Please use this identifier to cite or link to this item:
|Title:||Evolution of methodology and reporting of emergency medicine quantitative research over a 20-year period.|
|Authors:||Smith, Jesse L;Date, Patrick A;Spencer, William;de Tonnerre, Erik J;Taylor, David McD|
|Affiliation:||Department of Medicine, University of Melbourne, Melbourne, Victoria, Australia|
Department of Emergency Medicine, Austin Health, Heidelberg, Victoria, Australia
|Citation:||Emergency medicine journal : EMJ 2020; online first: 11 February|
|Abstract:||We aimed to determine trends over time in article origin, and article and methodology characteristics. We examined original research articles published every fifth year over a 20-year period (1997-2017) in six emergency medicine (EM) journals (Ann Emerg Med, Acad Emerg Med, Eur J Emerg Med, Emerg Med J, Am J Emerg Med, Emerg Med Australas). Explicit data extraction of 21 article characteristics was undertaken. These included regional contributions, specific article items and research methodology. 2152 articles were included. Over the study period, the proportional contributions from the USA and the UK steadily fell while those from Australasia, Europe and 'other' countries increased (p<0.001). All specific article items increased (p<0.01). Institutional Review Board/Ethics Committee approval and conflicts of interest were almost universal by 2017. There were substantial increases in the reporting of keywords and authorship contributions. The median (IQR) number of authors increased from 4 (2) in 1997 to 6 (3) in 2017 (p<0.001) and the proportion of female first authors increased from 24.3% to 34.2% (p<0.01). Multicentre and international collaborations, consecutive sampling, sample size calculations, inferential biostatistics and the reporting of CIs and p values all increased (p<0.001). There were decreases in the use of convenience sampling and blinding (p<0.001). The median (IQR) study sample size increased from 148 (470) to 349 (2225) (p<0.001). Trends over time are apparent within the EM research literature. The dominance in contributions from the US and UK is being challenged. There is more reporting of research accountability and greater rigour in both research methodology and results presentation.|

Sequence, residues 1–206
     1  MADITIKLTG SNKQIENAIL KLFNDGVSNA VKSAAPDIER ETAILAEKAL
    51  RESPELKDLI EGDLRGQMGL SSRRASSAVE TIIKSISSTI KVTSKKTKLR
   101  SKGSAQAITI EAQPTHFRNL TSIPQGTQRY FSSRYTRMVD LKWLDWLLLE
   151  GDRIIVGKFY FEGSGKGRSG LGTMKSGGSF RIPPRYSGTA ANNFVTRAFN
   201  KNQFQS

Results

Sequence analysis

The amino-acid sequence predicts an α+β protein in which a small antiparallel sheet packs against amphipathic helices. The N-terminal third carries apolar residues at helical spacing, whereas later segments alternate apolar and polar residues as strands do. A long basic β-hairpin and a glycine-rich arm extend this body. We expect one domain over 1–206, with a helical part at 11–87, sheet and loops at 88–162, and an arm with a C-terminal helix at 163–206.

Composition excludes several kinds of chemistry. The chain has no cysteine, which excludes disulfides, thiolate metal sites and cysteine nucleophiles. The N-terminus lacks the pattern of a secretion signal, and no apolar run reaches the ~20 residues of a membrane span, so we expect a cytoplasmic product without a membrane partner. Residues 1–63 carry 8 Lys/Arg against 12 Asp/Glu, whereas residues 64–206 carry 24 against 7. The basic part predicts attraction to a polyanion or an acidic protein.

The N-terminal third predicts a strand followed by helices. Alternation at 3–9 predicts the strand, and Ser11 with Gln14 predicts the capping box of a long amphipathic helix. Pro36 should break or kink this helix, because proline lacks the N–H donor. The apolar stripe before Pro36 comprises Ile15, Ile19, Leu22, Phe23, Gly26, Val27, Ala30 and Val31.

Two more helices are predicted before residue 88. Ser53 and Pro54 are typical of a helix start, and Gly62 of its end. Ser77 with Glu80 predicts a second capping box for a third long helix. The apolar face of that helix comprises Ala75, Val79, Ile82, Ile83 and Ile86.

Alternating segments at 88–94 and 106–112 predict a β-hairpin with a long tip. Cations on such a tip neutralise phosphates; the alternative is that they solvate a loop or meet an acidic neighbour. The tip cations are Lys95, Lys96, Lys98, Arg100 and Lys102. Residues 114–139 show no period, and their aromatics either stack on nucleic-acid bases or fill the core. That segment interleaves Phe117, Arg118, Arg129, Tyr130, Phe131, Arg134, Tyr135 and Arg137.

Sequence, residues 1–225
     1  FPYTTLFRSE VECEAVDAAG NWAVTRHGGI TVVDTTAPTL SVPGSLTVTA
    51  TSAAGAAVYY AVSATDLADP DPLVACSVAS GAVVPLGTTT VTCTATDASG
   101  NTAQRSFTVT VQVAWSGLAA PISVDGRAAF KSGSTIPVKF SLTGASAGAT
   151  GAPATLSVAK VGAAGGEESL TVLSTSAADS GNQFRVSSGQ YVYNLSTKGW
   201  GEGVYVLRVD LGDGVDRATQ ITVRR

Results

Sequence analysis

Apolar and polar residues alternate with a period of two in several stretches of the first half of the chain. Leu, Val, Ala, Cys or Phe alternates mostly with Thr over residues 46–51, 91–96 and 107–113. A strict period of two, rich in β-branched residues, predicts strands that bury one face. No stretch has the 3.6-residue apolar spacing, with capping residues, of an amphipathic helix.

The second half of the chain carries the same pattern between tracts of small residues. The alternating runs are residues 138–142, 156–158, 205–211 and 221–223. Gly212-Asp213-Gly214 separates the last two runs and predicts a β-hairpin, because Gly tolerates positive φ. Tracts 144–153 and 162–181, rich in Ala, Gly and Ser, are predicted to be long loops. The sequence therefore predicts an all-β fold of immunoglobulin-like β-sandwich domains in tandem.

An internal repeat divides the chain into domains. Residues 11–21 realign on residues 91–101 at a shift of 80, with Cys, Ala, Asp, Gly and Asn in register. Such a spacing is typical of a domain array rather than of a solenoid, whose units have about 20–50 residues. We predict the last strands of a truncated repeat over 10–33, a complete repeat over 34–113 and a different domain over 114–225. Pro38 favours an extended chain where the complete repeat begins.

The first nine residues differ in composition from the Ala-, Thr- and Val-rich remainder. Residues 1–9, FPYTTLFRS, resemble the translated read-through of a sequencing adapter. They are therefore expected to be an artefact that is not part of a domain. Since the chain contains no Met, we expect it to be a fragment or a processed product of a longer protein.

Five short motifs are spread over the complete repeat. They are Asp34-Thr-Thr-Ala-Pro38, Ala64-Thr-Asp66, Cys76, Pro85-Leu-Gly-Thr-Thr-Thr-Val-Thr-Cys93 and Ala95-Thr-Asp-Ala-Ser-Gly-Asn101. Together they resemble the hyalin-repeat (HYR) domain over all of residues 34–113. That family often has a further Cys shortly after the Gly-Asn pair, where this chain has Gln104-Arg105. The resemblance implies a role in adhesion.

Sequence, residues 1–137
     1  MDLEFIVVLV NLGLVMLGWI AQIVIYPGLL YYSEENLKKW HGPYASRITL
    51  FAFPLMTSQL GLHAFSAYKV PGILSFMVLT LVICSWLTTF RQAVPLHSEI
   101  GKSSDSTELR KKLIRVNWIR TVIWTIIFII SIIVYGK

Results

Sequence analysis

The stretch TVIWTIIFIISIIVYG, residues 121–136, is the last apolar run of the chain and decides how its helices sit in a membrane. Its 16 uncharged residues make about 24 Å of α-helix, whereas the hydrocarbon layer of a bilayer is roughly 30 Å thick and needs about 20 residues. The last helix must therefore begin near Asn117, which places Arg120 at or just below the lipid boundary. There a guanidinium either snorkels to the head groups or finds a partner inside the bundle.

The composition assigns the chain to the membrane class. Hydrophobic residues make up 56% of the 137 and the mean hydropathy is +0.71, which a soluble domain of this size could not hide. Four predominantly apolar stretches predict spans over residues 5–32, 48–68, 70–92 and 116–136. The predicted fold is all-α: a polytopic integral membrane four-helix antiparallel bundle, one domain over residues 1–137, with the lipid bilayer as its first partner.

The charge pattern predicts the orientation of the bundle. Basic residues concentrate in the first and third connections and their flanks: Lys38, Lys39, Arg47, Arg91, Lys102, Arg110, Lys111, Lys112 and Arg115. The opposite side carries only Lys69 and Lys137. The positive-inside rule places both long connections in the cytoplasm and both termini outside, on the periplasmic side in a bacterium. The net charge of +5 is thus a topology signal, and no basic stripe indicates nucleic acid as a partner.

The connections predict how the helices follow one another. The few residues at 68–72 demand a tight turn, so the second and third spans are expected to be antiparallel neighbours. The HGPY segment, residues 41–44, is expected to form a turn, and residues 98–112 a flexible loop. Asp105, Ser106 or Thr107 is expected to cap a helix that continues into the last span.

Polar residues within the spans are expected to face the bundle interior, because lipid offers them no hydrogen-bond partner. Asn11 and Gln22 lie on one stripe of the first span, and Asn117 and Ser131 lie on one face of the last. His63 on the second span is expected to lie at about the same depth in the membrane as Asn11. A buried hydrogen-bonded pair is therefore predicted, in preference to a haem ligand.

|Appears in Collections:||Journal articles|
Files in This Item:
There are no files associated with this item.
Items in AHRO are protected by copyright, with all rights reserved, unless otherwise indicated.